3. Pienta et al. A Phase 2/3 Prospective Multicenter Study of the Diagnostic Accuracy of Prostate Specific Membrane Antigen PET/CT with 18F-DCFPyL in Prostate Cancer Patients (OSPREY). Journal of Urology, 2021.
  4. Hope et al. Diagnostic Accuracy of 68Ga-PSMA-11 PET for Pelvic Nodal Metastasis Detection Prior to Radical Prostatectomy and Pelvic Lymph Node Dissection. JAMA Oncol, 2021.
  5. Petersen et al. 68Ga-PSMA PET/CT compared with MRI/CT and diffusion-weighted MRI for primary lymph node staging prior to definitive radiotherapy in prostate cancer: a prospective diagnostic test accuracy study. World Journal of Urology, 2019.
  6. Surasi et al. Diagnostic Performance and Safety of Positron Emission Tomography with 18F-rhPSMA-7.3 in Patients with Newly Diagnosed Unfavourable Intermediate- to Very-high-risk Prostate Cancer: Results from a Phase 3, Prospective, Multicentre Study (LIGHTHOUSE). European Urology, 2023.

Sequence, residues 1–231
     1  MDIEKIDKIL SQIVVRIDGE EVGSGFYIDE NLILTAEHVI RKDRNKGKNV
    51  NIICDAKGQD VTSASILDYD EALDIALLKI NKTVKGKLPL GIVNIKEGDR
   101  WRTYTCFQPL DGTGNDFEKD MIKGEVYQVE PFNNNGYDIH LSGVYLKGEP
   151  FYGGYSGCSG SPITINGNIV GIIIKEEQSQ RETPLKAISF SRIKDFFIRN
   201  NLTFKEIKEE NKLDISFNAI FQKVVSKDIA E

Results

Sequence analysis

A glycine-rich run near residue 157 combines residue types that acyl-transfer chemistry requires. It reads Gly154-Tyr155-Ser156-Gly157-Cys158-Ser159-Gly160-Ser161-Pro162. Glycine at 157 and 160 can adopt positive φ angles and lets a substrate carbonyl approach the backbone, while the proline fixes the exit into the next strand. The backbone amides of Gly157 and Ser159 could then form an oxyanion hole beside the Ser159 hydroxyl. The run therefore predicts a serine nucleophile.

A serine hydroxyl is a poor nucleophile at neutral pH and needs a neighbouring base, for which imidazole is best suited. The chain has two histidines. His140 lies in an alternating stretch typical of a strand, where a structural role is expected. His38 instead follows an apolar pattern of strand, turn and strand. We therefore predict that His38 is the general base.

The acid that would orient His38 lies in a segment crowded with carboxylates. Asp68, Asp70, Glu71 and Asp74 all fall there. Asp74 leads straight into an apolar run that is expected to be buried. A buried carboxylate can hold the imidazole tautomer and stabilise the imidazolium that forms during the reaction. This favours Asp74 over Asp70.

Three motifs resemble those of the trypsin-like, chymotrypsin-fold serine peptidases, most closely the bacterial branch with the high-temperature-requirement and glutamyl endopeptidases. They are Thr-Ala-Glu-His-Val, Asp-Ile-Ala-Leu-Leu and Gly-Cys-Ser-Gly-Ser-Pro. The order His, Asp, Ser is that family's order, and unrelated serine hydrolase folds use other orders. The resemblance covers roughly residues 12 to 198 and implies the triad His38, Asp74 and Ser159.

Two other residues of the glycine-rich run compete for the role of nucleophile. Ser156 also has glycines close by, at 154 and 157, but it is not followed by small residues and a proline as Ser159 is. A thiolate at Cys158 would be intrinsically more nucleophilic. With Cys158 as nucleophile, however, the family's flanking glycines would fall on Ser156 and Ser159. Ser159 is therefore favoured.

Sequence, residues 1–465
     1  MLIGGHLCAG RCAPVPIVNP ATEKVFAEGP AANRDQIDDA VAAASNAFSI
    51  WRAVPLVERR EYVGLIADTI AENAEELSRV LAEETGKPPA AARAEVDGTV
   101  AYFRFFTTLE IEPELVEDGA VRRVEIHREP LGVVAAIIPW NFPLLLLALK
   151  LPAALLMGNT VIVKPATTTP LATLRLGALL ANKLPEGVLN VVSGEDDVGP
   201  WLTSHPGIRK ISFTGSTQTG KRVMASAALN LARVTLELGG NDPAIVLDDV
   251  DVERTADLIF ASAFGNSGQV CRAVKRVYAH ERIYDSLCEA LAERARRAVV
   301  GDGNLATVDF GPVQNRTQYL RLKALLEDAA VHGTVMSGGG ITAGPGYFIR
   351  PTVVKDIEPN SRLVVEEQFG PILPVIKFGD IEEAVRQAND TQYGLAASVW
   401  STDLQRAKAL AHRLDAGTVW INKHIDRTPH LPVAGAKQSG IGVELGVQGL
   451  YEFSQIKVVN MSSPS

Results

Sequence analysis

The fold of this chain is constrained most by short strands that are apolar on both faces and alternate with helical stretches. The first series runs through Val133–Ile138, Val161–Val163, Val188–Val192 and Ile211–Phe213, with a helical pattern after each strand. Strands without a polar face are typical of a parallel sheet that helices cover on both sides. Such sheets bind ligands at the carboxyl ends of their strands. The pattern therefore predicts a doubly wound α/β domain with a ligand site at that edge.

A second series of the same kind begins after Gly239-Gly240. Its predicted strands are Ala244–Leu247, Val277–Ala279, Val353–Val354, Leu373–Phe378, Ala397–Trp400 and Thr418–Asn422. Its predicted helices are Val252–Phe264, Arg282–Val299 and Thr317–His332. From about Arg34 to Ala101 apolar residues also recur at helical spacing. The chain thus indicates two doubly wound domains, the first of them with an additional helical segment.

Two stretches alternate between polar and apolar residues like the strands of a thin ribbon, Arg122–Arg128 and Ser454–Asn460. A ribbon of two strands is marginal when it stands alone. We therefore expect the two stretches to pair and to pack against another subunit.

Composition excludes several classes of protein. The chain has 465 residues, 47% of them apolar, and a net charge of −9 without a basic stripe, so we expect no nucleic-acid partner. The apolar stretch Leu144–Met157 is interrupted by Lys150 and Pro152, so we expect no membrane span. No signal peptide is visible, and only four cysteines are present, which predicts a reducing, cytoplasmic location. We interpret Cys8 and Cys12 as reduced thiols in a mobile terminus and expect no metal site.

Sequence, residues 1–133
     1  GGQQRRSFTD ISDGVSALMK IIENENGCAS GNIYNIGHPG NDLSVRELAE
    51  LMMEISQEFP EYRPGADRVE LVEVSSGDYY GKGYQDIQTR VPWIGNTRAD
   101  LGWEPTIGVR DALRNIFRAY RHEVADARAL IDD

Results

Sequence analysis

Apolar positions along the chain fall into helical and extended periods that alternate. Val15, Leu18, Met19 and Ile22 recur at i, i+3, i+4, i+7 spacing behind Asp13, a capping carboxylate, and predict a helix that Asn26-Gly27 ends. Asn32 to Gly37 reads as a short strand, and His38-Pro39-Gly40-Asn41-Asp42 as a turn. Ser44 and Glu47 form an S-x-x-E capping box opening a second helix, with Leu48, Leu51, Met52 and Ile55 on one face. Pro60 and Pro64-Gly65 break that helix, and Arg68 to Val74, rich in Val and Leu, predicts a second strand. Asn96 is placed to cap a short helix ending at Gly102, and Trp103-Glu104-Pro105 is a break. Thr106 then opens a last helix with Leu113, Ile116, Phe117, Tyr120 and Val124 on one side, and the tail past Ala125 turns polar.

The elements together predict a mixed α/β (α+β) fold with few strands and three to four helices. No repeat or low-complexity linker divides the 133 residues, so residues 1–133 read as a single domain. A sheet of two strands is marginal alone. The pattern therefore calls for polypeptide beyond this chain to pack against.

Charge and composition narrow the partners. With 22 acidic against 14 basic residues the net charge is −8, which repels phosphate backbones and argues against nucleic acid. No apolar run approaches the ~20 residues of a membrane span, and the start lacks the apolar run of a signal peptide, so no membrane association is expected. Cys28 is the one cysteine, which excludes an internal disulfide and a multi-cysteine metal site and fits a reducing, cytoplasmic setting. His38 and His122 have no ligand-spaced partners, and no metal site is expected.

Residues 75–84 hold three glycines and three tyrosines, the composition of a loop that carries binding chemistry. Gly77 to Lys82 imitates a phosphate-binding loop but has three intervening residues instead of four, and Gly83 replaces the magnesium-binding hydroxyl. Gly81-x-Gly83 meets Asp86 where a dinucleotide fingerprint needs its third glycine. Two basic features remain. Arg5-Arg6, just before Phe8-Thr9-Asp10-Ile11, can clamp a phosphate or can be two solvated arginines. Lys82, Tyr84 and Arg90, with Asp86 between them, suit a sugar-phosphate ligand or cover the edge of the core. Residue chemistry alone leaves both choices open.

7. Stanford et al. Urinary and Sexual Function After Radical Prostatectomy for Clinically Localized Prostate Cancer. The Prostate Cancer Outcomes Study. JAMA, 2000.
  8. Shore et al. Biochemical recurrence in patients with prostate cancer after primary definitive therapy: treatment based on risk stratification. Prostate Cancer and Prostatic Diseases, 2023.
  9. Zia et al. A Bivalent Inhibitor of Prostate Specific Membrane Antigen Radiolabeled with Copper-64 with High Tumor Uptake and Retention. Angew Chem Int Ed Engl. 2019.
  10. Lengyelova et al. 64Cu-SAR-bisPSMA (PROPELLER) positron emission tomography (PET) imaging in patients with confirmed prostate cancer. ASCO, 2023.
Source: Clarity Pharmaceuticals. (2024). Additional COBRA Results: SAR-bisPSMA Detects Lesions in the 2-Millimetre Range [Press release].